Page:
Team Wellington advanced to the final of the OFC Champions League on away goals after a thrilling 2-2 draw with Auckland City FC in the second leg of their semi-final at Kiwitea Street on Sunday, ending the defending champion’s run of seven straight confederation titles.
With the teams locked at 0-0 after the first leg in the New Zealand capital last weekend, Eric Molloy and Angus Kilkolly were the goal scoring heroes in the first half for Team Wellington who advance to their fourth straight OFC Champions League final. It will be their first against someone other than Auckland City.
They will face the winner of Solomon Islands’ Marist and Fiji’s Lautoka in the two-legged decider played between May 12 and 20.
An Emiliano Tade free kick midway through the second half deflected in off the Wellington wall to bring the home side back from the brink after a uncharacteristically lacklustre first half effort.
The pressure only built from there and eventually told on the visitors when Scott Hilliar turned a cross into his own net in the seventh minute of what proved to be a frantic 10 minutes of additional time.
Auckland continued to press for a winner, even throwing goalkeeper Zubikarai forward for a pair pf late corners but José’s Figueira’s side did what they needed to reach the final whistle without further damage.
“The biggest emotion is pride for the players and the team. It’s always going to be difficult coming here and I thought we were exceptional in the first half. We thoroughly deserved our two goals and could’ve had three or four,” said Figueira.
“There is always going to be moments at Kiwitea where you have to dig in and a few things went against us with the momentum shifting, but the boys showed massive personality to see it through.”
Figueira said he warned his side to expect a backlash in the second half from the nine-time Oceania champions but commended his side for being able to dig deep and secure a hard-fought result.
“The final message I left them with at half-time was there was a reason Auckland have been champions so many times. It’s all over their clubroom walls and we knew they weren’t going to lie down. But from our perspective it’s great to see us not only play with the ball but also being able to roll the sleeves up and battle through.”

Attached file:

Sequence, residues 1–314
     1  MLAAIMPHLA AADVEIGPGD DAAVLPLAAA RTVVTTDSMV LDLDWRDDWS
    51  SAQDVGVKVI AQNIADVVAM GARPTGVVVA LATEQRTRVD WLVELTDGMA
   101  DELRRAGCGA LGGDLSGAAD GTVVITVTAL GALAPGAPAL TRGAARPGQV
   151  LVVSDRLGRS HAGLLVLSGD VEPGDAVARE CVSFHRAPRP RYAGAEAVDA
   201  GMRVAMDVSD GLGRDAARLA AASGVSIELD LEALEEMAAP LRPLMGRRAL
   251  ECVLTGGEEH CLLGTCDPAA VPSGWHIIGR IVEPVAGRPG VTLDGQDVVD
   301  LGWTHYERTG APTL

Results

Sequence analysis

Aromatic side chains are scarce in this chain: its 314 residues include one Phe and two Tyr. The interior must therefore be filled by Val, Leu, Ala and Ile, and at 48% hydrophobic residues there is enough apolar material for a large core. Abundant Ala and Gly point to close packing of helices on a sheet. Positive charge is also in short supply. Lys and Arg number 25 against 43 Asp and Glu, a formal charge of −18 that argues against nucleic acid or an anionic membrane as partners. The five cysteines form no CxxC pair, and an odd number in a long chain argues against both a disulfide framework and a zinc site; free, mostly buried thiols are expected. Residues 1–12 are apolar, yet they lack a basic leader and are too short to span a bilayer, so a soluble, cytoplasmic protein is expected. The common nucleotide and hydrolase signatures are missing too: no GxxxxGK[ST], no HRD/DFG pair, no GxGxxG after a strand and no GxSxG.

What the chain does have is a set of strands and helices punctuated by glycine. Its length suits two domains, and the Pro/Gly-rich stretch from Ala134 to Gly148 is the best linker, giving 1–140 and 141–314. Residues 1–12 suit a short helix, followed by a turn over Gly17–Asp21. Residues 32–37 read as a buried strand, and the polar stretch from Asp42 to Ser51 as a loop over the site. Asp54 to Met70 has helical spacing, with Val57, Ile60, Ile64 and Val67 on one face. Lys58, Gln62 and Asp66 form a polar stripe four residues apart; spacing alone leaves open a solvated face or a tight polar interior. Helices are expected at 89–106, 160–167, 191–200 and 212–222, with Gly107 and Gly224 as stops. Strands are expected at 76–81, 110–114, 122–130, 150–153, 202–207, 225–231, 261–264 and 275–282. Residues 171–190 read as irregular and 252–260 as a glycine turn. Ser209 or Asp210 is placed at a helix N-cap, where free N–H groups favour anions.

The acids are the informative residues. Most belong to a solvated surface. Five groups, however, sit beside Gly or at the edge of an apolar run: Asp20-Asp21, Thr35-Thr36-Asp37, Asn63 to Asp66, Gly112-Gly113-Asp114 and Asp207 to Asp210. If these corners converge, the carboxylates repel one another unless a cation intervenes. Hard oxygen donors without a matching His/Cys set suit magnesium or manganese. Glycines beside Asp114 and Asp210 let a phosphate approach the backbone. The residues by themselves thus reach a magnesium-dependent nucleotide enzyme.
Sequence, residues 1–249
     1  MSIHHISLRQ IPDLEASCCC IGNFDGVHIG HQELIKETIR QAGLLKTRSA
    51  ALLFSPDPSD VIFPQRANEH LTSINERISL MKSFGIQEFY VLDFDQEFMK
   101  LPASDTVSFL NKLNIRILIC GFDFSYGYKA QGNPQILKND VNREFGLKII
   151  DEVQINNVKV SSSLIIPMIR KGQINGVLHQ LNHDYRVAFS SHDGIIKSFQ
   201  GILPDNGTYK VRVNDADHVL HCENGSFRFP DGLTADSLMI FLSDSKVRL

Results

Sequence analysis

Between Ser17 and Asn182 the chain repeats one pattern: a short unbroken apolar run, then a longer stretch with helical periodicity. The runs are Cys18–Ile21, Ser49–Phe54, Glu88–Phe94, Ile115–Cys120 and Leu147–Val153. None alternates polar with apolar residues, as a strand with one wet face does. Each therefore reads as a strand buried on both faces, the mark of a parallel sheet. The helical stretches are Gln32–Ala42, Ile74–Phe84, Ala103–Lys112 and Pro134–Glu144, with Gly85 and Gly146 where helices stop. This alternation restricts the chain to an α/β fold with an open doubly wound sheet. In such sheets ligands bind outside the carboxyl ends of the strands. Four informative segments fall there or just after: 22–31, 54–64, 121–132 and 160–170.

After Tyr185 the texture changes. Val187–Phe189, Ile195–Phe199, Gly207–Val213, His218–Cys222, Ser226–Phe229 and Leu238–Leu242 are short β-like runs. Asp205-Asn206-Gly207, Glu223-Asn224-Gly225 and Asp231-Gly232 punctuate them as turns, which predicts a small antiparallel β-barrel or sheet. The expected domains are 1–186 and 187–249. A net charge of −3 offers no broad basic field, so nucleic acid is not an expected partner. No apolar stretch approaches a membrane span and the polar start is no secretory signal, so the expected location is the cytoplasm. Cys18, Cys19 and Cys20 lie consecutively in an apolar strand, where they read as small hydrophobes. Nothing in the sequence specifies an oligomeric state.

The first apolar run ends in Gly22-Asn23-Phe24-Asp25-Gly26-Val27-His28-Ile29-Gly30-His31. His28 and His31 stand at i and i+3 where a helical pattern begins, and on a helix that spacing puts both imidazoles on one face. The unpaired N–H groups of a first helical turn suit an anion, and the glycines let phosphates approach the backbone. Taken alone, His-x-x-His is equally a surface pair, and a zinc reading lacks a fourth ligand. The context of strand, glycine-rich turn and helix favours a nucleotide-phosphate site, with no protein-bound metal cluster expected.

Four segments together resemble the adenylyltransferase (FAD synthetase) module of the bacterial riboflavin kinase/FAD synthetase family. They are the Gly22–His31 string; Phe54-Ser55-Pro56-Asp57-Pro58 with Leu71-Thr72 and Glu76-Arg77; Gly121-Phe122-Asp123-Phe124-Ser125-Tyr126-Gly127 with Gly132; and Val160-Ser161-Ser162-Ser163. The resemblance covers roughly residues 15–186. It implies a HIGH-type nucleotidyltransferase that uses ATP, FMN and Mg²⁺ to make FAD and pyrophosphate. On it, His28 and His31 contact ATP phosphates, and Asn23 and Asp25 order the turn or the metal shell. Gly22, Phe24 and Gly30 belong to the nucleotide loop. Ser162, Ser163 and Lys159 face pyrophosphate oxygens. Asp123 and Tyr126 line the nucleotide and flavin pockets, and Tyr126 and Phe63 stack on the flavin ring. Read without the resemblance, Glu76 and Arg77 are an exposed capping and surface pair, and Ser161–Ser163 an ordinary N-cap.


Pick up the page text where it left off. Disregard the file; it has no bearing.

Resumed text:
After a goalless encounter in the first leg, the return match was a much more open affair with both goalkeepers called on to keep the scores level.
Eñaut Zubikarai produced a pair of brilliant double saves to twice deny Nathanael Hailemariam and Eric Molloy but the Auckland City goalkeeper finally had to pick the ball out of his net when Molloy rocketed a header back across him and into the opposite corner of the net in the 37thminute.
The goal brought to an end Auckland City’s remarkable record of 1079 minutes without conceding in the OFC Champions League.
Cam Howieson brought down Roy Kayara in the box four minutes shy of halftime – on one of the impressive New Caledonian international’s many forays forward from defence – to hand the visitors a chance to double their advantage from the penalty spot. Kilkolly gladly obliged to put his side in command at half time.
Auckland City coach managed to inspire his side to far better performance after the break but needing three goals in the second half proved too high a climb.
“It was a game of two halves,” Tribulietx said.
“In the first half we just didn’t quite get there. We wanted to construct more football from the back and we started well. We started dropping passes and maybe that mentality gave us a little fright because we started getting too deep out of possession.
“In the second half we changed the system but we still asked them to be aggressive. We saw a team out there that wanted to win, wanted to press and get the ball back. That’s our spirit but unfortunately it wasn’t good enough.”
After celebrating the victory, Team Wellington’s eyes turned quickly to Honiara where Marist were hosting Lautoka in the other semi-final later on Sunday.
Wellington will host the winner of that semi-final on the weekend of May 12 and 13 and then travel for the return leg a week later.